Belle’s house and stables are preserved, as is Bernard’s luxurious main house overlooking Winyah Bay. There are organized tours available that show visitors every aspect of the preserve and properties. Visitors will see the house preserved as it was when Baruch lived there, including artwork and furnishings. The chair that Churchill occupied is even on display. There are five well-preserved cemeteries.
George Chastain is executive director of the Belle W. Baruch Foundation that owns and manages Hobcaw Barony. He employs 12 full-time staff members and has a team of more than 100 dedicated volunteers. The foundation is guided by a local volunteer board of 12 individuals and offers a wide array of programs in addition to tours. In 1982, it opened the Bellefield Nature Center, a learning facility for children and adults alike. That facility is is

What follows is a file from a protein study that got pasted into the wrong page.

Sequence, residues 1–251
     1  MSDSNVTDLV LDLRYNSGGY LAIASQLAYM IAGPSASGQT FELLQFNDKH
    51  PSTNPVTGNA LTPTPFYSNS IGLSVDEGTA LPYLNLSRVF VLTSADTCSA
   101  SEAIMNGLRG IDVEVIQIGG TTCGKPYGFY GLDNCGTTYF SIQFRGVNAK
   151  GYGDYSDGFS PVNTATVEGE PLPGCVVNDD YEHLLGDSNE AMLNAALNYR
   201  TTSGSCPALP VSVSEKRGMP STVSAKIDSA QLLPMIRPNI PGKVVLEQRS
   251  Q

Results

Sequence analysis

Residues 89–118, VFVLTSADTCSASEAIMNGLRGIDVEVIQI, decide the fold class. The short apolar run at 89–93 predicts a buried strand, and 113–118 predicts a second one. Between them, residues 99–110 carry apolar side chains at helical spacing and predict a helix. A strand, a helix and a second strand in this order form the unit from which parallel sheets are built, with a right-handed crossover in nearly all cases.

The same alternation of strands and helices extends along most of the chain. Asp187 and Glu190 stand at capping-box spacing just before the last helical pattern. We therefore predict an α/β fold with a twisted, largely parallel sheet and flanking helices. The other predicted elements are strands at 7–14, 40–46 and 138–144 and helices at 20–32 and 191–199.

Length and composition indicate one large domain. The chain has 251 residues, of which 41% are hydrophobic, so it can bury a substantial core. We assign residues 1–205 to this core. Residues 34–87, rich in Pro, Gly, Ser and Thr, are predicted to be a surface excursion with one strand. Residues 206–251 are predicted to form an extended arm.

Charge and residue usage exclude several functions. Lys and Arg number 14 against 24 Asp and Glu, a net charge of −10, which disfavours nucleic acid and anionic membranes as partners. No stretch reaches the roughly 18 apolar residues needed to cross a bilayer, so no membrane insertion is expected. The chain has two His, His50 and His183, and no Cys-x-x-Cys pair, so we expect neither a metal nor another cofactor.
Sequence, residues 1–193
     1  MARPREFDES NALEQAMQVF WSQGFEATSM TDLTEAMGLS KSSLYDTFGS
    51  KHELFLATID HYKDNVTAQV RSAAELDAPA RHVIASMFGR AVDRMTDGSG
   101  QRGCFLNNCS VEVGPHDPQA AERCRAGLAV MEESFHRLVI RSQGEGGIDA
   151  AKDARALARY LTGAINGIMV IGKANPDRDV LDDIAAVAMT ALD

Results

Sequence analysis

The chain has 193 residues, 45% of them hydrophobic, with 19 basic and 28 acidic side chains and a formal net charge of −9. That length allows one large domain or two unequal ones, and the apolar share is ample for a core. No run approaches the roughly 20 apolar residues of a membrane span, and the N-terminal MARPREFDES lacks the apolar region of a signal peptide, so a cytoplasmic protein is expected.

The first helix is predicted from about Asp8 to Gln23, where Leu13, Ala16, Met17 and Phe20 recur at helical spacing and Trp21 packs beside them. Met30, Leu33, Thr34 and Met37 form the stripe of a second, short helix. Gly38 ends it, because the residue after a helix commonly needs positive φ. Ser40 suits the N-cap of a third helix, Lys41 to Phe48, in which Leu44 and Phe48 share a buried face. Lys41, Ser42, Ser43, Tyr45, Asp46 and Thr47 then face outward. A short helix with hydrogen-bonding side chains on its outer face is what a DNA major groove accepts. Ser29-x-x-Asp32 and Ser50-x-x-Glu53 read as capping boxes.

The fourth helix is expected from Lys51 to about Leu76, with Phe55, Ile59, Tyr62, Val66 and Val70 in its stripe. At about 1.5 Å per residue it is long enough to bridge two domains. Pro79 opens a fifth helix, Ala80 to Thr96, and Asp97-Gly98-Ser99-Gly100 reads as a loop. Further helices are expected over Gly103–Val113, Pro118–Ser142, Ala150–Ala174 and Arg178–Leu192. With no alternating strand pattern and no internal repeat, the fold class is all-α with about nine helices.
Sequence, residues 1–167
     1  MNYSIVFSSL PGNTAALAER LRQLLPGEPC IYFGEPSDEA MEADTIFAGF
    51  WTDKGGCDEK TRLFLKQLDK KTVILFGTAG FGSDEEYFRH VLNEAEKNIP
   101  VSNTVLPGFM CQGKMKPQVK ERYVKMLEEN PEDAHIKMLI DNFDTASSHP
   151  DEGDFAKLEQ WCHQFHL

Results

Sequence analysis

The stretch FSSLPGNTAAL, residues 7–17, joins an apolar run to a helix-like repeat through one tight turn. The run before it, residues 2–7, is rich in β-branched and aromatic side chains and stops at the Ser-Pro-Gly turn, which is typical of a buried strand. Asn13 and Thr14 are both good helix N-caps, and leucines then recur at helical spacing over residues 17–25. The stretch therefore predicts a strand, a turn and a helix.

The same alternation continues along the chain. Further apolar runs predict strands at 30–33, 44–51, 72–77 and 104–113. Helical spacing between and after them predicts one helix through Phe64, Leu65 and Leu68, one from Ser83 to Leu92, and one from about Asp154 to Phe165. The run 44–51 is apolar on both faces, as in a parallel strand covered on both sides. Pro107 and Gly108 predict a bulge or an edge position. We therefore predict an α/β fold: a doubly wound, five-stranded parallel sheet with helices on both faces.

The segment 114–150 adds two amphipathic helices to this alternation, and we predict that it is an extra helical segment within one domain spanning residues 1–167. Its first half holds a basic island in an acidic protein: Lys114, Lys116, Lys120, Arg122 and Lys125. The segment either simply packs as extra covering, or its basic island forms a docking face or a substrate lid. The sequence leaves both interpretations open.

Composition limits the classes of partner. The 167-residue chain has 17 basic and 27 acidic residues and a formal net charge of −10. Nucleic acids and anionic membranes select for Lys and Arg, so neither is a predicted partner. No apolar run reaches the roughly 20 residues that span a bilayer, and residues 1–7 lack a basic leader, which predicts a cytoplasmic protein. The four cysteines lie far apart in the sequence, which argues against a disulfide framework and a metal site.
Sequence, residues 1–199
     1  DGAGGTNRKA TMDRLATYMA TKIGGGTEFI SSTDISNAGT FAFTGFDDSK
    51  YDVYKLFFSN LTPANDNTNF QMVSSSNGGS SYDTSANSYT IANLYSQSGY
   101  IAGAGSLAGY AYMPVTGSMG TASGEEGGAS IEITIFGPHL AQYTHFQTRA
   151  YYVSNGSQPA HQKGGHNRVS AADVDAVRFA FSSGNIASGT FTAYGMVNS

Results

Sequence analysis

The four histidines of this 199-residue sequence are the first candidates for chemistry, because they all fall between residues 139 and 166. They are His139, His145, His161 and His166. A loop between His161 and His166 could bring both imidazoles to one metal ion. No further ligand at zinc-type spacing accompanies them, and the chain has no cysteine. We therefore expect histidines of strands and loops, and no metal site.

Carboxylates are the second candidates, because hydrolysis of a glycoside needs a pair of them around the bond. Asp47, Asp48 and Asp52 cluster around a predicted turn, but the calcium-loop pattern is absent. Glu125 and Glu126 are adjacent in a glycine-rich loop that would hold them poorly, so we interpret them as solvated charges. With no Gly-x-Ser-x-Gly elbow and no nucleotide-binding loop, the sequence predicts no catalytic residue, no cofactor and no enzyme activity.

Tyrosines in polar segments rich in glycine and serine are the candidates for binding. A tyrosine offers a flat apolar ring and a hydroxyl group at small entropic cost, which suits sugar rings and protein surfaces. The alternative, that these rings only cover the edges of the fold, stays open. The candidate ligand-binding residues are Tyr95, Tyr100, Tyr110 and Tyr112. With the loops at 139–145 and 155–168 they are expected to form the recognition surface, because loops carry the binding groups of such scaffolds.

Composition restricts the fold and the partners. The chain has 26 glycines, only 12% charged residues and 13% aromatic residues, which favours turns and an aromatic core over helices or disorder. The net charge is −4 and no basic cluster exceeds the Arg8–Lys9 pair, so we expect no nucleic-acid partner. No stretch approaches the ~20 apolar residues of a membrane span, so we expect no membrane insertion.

now the Hobcaw Barony Discovery Center, remodeled and enlarged in 2009—a partnership between the foundation and the North Inlet Winyah Bay National Estuarine Research Reserve.
“We at Hobcaw Barony work daily to conserve the cultural and natural resources entrusted to our care,” says Chastain. “We are proud of the natural laboratory we provide, where hundreds of researchers from all over the world come to gain a better understanding of our environment, how our environment has guided human activity, and how human activity has shaped the environment.”
The foundation shares the 16,000 acres at Hobcaw with two world-class research institutes: Clemson University’s Baruch Institute of Coastal Ecology and Forest Science, launched in 1965, and the University of South Carolina’s Baruch Institute for Marine and Coastal Sciences, started in 1969. These facilities include an Experiment Station, thousands of acres of experimental forest and a Coastal Research & Education Center. Scientists here study numerous disciplines, including forest and watershed management, water quality, coastal conservation, biogeochemistry, land use, wildlife science and conservation, endangered species, beach stabilization, estuary salt marshes and freshwater swamps.
Dr. Jay Pinckney is director and professor at USC’s institute and a leading scientist who does important research in addition to managing the institute. He has approximately 40 scientists and graduate students on his team.